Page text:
Encyclopedia of the Blues, Second Edition
When I reviewed this book in 1993 I gave it high marks; even with all its typos (many of them present four years later!) it filled a void. Since then Robert Santelli’s Big Book of the Blues and last year’s All Music Guide to the Blues, which cover the field more convincingly, have appeared. Except for a few career updates (e.g., Jesse Thomas, Magic Slim), new adds (Larry Garner), separate headings (James Harman, Rod Piazza) and a batch of new photos (including two howlers: Luther “Rucker” on p. 178 and Frankie Lee [Jones] for Frankie Lee Sims on p. 187), there hasn’t been that much added to warrant this edition.
Albert Collins, whose photo is on the cover, is another example: none of his Pointblank CDs are mentioned—it’s as though his career stalled after he left Alligator Records in 1989. In his Select Discography, Herzhaft again moans that “we are waiting” for Big Joe Turner’s first Decca recordings to appear. Surely l990’s I’ve Been to Kansas City ought to have reached his home in France by now.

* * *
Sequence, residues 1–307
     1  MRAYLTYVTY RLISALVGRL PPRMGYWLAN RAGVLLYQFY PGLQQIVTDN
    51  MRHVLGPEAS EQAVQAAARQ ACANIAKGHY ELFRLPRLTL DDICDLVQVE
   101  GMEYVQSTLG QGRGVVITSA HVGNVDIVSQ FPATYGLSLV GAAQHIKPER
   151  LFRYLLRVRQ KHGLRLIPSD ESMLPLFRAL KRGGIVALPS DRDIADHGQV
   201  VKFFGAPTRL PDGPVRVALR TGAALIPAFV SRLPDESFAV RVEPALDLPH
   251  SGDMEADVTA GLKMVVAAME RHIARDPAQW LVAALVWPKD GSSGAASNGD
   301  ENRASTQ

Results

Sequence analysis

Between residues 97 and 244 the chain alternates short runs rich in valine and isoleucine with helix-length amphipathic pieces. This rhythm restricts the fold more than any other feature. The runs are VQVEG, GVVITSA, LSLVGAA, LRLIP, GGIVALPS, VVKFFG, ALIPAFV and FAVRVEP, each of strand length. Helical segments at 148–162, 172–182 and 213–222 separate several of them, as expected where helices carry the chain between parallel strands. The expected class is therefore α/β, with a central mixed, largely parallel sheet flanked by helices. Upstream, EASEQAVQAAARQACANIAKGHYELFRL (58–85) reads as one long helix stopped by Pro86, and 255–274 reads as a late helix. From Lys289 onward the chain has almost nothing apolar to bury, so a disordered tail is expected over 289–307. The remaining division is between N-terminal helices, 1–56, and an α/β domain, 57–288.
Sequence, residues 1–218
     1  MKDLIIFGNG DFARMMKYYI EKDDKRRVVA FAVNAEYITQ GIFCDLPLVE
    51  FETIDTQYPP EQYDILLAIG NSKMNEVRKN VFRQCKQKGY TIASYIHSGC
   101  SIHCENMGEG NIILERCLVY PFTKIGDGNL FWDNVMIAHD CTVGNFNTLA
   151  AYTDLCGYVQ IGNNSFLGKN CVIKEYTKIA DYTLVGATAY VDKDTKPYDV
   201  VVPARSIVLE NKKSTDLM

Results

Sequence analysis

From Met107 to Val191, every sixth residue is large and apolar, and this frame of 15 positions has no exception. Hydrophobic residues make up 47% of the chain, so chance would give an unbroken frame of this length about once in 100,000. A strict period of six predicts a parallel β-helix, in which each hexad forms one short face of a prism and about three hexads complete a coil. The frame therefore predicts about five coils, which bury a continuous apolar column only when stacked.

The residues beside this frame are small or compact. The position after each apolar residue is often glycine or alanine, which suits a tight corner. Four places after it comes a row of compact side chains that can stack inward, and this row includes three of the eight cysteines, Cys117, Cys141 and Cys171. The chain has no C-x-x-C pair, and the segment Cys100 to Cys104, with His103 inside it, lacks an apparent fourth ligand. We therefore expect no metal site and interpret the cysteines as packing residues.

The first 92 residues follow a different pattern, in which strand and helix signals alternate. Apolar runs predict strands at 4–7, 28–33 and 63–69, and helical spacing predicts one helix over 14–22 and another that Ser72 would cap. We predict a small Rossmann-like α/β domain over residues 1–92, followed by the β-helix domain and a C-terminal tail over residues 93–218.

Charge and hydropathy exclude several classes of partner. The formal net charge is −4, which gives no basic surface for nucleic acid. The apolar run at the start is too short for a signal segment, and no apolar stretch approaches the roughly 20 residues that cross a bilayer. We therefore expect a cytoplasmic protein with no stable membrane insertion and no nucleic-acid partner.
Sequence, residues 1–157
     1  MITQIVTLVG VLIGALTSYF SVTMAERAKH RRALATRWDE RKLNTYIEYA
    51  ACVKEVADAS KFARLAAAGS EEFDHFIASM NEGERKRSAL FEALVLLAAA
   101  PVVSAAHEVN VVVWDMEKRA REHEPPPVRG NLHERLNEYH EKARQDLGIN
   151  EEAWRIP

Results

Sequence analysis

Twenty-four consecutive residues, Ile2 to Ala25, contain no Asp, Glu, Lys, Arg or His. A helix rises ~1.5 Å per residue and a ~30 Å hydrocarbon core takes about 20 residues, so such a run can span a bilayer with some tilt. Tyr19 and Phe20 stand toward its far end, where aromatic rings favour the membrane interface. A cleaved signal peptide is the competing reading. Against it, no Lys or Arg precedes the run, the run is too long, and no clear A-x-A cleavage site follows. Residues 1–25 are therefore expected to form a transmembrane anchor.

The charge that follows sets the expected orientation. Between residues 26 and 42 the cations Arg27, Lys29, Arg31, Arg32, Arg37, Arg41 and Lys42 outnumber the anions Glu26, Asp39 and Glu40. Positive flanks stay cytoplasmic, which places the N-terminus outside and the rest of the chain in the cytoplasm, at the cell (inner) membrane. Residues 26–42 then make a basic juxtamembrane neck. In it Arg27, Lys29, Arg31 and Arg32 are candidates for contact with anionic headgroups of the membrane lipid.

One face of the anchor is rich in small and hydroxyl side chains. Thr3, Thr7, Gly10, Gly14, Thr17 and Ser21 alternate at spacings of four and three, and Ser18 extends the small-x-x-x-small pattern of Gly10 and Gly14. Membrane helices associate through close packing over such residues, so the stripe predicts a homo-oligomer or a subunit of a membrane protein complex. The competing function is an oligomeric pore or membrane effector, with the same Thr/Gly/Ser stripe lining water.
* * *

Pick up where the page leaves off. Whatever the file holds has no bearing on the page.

The list goes on. Herzhaft’s vital statistics suffer from a similar lackadaisical approach: William Clarke died in 1996, not 1997; Albert King died in December 1992, not “early 1993;” Peppermint Harris, listed as having died in 1995, was playing in Sacramento in 1996. The bibliography—which has been revamped the most—lists the Leadbitter, Fancourt and Pelletier Blues on Record L to Z, which came out in ’95, as still “forthcoming.” To consider this an improvement on his first edition is unconscionable.